After two decades of service life of the first large offshore wind farms in the North Sea, we can confidently report
on the condition of the protective coating systems.

Today, the requirements for corrosion protection for new projects are often extended to at least 25 years’ maintenance-free service lifetime.

Please feel free to download the entire paper in the download section to the right.

Stress from seawater cause costly repairs on offshore structures

Constructions such as offshore windfarms are subject to aggressive environments. They are exposed to humidity with high salinity and to intensive UV-radiation. The UV-radiation occurs directly on the constructions as well as from light reflections from the sea.

An area of special concern is the tidal zone (splash-zone), where the wind turbine construction is stressed both from mechanical impacts – service boat collisions and waves – and from corrosion strains created by shifting saline seawater with high oxygen level.

The stress from seawater may be extensive in waters with high tidal activity, such as the Irish Sea or the English Channel. Thus, in particular, the protection of the wind turbine foundation, the transition piece (TP), is imperative. Long-term resistant coating systems with no need for future refurbishment – combined with flawless application operation activities – are essential, as offshore repair is costly.

Following an uncertain start, the present offshore coating systems for windfarms have shown fine durability against the aggressive marine environment. We explain importance of quality management, satisfactory coating performance testing and learnings from existing and decommissioned structures in this paper.

Trends in decommissioned and operational offshore wind farm protection

This paper deals with experiences from site inspections of offshore wind farms in operation and from decommissioned constructions. The trends seen in the offshore wind segment are requirements for corrosion protection being extended to at least 25 years’ maintenance-free service lifetime.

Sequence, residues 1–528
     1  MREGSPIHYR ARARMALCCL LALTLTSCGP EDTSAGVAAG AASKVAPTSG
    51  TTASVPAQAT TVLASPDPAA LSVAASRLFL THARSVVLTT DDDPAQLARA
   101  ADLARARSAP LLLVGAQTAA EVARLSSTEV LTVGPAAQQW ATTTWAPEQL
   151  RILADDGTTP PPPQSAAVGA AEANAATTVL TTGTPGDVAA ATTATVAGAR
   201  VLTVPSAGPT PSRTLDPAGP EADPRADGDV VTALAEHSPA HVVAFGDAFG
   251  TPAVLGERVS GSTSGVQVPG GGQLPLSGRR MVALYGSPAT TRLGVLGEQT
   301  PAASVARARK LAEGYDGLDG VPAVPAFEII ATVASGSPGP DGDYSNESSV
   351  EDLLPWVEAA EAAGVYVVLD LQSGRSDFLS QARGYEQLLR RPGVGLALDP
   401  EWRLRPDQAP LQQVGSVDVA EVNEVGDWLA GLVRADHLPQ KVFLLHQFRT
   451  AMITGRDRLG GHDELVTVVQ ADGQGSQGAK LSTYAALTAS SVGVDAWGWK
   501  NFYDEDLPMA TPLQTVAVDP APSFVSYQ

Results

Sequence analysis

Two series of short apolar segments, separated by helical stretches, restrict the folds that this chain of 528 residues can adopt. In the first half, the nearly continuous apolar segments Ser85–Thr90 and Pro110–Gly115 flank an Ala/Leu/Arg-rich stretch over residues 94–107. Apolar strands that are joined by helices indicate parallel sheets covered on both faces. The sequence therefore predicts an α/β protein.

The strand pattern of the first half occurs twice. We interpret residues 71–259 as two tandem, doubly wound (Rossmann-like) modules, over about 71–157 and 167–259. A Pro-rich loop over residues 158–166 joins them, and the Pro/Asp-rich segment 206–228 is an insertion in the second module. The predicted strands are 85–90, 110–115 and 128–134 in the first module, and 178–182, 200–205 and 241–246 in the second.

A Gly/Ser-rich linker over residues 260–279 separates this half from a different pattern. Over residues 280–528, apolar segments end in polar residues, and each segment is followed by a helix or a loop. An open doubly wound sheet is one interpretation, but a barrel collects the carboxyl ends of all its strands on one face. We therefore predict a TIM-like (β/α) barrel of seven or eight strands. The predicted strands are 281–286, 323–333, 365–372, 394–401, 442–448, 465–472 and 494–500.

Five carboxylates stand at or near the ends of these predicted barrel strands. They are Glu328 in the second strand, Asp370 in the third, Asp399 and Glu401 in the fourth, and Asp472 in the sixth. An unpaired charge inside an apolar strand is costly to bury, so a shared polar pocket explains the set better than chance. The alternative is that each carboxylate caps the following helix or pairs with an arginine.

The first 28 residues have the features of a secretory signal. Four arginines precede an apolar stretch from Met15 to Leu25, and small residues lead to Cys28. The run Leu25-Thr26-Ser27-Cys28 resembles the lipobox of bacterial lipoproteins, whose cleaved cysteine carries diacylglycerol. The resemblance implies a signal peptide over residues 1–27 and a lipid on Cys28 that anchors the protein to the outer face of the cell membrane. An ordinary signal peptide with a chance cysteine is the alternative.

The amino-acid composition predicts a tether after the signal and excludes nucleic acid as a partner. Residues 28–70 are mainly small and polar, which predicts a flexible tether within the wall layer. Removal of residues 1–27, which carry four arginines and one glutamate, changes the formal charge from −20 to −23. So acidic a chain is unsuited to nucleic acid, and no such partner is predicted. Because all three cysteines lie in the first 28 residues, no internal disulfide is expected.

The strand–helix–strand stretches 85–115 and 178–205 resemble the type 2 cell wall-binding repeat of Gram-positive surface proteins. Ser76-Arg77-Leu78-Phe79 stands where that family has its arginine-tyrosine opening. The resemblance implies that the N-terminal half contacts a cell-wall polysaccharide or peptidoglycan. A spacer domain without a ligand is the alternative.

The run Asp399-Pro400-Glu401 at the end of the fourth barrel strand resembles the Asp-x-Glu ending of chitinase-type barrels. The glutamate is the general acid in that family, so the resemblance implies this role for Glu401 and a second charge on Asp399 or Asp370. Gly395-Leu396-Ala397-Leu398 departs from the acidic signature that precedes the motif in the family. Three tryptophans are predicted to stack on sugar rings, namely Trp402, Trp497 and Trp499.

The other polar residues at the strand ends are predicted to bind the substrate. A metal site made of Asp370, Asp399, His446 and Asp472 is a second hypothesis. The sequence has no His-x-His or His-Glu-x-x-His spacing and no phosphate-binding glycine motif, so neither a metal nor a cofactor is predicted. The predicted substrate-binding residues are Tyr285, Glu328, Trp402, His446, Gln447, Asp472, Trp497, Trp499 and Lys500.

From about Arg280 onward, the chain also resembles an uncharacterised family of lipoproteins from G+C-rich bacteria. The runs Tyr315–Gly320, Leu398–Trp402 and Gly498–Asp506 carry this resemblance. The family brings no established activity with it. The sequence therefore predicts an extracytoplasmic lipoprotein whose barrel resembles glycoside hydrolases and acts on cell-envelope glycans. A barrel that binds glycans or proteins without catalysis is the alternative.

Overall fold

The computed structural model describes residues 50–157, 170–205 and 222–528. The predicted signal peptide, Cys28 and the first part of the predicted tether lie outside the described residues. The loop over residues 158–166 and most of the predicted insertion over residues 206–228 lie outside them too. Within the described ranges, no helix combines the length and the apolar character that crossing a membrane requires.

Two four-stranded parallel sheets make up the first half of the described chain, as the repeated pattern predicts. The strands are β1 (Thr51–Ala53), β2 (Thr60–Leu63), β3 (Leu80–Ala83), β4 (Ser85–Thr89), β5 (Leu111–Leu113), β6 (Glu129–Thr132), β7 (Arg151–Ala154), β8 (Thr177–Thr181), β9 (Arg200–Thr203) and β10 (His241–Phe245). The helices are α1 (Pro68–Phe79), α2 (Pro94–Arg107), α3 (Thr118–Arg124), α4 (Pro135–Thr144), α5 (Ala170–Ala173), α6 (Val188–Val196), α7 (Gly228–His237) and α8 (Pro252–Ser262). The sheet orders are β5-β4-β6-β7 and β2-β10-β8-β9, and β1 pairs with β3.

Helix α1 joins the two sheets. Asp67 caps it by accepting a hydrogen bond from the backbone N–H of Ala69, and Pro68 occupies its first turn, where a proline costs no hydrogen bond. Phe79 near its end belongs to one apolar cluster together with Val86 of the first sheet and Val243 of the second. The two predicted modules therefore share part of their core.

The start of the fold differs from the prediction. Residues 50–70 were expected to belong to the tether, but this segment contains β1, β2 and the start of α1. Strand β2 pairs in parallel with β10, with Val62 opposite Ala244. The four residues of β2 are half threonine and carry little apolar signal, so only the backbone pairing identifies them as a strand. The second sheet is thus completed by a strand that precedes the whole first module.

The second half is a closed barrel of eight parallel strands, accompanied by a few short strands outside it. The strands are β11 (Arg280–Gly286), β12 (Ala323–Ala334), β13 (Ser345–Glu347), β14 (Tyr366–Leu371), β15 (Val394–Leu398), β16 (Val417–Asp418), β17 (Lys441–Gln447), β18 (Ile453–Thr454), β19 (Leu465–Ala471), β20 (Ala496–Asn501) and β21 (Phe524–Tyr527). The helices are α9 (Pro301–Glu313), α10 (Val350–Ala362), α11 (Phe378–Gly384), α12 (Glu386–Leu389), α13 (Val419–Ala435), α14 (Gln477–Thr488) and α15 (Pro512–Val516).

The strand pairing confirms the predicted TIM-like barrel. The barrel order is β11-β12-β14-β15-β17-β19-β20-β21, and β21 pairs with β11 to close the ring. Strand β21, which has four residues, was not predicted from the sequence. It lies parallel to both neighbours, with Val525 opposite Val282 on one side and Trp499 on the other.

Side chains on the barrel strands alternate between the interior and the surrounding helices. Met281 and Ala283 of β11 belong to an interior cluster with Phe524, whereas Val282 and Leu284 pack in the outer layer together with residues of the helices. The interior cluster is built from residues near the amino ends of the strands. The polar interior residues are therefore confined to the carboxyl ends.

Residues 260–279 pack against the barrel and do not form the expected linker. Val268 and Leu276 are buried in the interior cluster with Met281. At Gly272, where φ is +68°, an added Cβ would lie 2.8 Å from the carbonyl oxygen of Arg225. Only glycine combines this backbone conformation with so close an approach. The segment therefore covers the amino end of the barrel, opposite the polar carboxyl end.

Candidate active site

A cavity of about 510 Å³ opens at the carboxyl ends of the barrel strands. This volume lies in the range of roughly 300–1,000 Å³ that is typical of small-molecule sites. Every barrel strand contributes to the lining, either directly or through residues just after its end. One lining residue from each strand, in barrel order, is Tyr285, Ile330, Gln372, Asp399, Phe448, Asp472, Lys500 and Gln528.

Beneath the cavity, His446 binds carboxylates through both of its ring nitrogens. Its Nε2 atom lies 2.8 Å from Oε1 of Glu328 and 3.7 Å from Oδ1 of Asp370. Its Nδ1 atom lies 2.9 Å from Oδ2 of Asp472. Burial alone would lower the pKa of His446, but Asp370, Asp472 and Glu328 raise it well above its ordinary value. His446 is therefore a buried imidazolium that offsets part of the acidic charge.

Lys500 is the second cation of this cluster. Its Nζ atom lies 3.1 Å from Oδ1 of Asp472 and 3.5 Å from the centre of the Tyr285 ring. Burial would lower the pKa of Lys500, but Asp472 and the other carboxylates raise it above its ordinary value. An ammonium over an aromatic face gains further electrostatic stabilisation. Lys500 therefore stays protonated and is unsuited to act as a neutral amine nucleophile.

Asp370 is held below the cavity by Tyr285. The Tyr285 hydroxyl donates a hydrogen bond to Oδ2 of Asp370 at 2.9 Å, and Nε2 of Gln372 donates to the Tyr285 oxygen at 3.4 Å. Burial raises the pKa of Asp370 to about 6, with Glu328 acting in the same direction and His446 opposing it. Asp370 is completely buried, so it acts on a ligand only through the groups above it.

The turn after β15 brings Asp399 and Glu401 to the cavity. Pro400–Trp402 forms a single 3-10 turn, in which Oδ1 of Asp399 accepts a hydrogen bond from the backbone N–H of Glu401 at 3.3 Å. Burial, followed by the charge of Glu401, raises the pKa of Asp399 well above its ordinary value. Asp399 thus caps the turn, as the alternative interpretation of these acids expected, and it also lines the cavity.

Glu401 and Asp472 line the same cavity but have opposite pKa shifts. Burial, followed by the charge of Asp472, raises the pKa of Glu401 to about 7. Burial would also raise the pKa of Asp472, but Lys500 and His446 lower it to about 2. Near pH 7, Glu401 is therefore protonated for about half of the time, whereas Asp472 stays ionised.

This fact is also reflected in newly issued and coming standards where extended prequalification tests (such as long-term field exposure for 5 years, abrasion, impact and color retention tests) are included in order to convince owners and certifiers that new coating systems may actually have 25 years’ maintenance-free service lifetime.

On the other hand, this paper also suggests that prequalification tests alone do not necessary pull out the right coating systems for real service. The lifetime of a coating system also highly depends on the quality of surface preparation, the coating thickness and the quality of workmanship. At the same time, these factors are usually the most uncertain elements and require strict QC during production.

Demand for extended service life and desire for cost reductions go hand in hand

One might think that the demand for extended service life and at the same time the wish for cost reductions point in opposite directions. This is not necessary the reality:

  • More QC during the coating process will extend the service lifetime of the coating system and thereby also reduce the overall costs for corrosion protection.
  • Learnings from extended pre-qualification tests go hand in hand with real life experiences from site inspections of constructions in operation and constructions being decommissioned. The experience from both scenarios will continuously help optimizing the coating systems needed for wind offshore service and help in updating standards and guidelines to make extendedservice lifetime for offshore wind structures possible.
  • Novel concepts bringing in automated production processes and application of standard components might be tools to improve production quality and thereby extending the useful service life of the coating system, and at the same time bringing down production costs.